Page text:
0
$\begingroup$

I'm trying to show that an operator $L$ on a finite dimensional inner product space that commutes with all isometries on $V$ must necessarily be a scalar multiple of the identity. I know a proof of the fact that only scalar multiples of the identity commute with all operators on any finite dimensional space. But I can't prove this. I'd appreciate some help. Thanks.

$\endgroup$
0
$\begingroup$

The key is to make sure you're looking at enough isometries.

Let $\{e_1,\dots,e_n\}$ denote the canonical (orthonormal) basis. Let $P$ be the isometry that transposes two basis elements, so $Pe_i = e_{j}$ and $P e_j = e_i$, and $Pe_k = e_k$ for $k \neq i,j$.

$L$ commutes with $P$, so $LP = PL$, so $L = PLP^T$. This means that the matrix of $L$ satisfies $$ L_{ij} = L_{ji} \\ L_{ii} = L_{jj} \\ L_{iq} = L_{jq} \quad q \neq i,j\\ L_{qi} = L_{qj} \quad q \neq i,j\\ $$ and the above holds for any choice of distinct $i$ and $j$.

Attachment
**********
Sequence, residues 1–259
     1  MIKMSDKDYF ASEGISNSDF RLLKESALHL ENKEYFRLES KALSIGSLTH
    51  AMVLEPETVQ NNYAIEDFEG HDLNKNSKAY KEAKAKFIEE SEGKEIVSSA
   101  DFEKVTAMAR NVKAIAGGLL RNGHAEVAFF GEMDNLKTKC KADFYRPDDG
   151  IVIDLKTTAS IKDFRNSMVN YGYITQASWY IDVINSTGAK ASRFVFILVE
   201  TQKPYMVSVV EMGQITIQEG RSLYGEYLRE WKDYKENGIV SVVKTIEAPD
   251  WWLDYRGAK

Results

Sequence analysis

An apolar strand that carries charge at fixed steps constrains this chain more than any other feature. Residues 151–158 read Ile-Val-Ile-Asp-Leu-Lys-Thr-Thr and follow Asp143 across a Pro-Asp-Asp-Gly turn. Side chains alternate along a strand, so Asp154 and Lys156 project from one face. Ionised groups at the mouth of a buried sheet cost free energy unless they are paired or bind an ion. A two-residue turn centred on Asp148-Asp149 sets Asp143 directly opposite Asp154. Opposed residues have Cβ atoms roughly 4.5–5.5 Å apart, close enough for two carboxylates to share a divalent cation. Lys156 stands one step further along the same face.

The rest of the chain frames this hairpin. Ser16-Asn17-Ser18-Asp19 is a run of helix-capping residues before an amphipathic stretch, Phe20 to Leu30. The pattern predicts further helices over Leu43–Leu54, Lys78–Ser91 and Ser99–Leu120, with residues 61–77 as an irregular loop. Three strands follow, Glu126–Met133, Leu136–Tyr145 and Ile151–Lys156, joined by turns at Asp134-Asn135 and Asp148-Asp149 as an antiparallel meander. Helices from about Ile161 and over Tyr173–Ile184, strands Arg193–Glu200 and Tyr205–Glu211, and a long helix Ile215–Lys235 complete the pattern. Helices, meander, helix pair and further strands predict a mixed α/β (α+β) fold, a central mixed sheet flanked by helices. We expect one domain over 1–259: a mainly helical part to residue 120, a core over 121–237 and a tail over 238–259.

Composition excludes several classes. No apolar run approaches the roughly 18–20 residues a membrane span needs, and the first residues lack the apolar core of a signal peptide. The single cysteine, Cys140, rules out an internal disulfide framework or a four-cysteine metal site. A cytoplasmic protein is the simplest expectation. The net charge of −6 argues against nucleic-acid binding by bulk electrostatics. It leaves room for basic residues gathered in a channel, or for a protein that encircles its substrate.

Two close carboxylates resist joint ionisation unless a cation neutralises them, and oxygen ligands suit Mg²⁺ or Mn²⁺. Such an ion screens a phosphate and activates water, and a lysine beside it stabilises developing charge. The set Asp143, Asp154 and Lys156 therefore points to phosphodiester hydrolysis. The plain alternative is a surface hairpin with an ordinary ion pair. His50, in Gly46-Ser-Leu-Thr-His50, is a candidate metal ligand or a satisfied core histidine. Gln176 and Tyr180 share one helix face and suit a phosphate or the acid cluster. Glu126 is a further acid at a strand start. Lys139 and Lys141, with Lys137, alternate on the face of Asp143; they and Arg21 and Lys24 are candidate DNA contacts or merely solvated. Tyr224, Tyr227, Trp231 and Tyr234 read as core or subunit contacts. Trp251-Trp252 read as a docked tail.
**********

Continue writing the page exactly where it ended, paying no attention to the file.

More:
The first two equations lines are enough for us to deduce that $L$ is symmetric with a constant diagonal. With the third/fourth line, we see that in the $q$th row/column, all off-diagonal entries are all equal. Thus, all off-diagonal entries of $L$ are equal.

Thus, we've deduced that $L$ has the form $$ L = \lambda I + \mu xx^T $$ where $x = (1,1,\dots,1)^T$.

Now, it suffices to note that $L$ commutes with the isometry $Q$ defined by $Qe_1 = -e_1$, $Qe_k = e_k$ for $k>1$.

$\endgroup$

Your Answer

By clicking “Post Your Answer”, you agree to our terms of service, privacy policy and cookie policy

Not the answer you're looking for? Browse other questions tagged or ask your own question.